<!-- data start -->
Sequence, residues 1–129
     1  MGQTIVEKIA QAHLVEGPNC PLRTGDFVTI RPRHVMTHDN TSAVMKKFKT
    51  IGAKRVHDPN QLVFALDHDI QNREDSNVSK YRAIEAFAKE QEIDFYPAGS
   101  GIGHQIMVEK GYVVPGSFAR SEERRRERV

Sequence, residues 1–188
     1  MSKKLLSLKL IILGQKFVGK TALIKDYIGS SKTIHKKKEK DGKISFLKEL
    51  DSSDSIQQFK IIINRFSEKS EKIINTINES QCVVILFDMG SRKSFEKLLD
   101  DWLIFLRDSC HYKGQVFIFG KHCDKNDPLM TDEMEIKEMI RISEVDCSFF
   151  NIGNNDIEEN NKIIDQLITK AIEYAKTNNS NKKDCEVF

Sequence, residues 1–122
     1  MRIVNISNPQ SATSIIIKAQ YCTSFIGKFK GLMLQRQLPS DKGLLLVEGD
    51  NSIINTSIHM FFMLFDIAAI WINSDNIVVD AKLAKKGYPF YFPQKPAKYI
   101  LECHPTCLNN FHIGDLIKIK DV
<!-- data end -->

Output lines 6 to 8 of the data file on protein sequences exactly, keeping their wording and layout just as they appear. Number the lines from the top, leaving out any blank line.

     1  MSKKLLSLKL IILGQKFVGK TALIKDYIGS SKTIHKKKEK DGKISFLKEL
    51  DSSDSIQQFK IIINRFSEKS EKIINTINES QCVVILFDMG SRKSFEKLLD
   101  DWLIFLRDSC HYKGQVFIFG KHCDKNDPLM TDEMEIKEMI RISEVDCSFF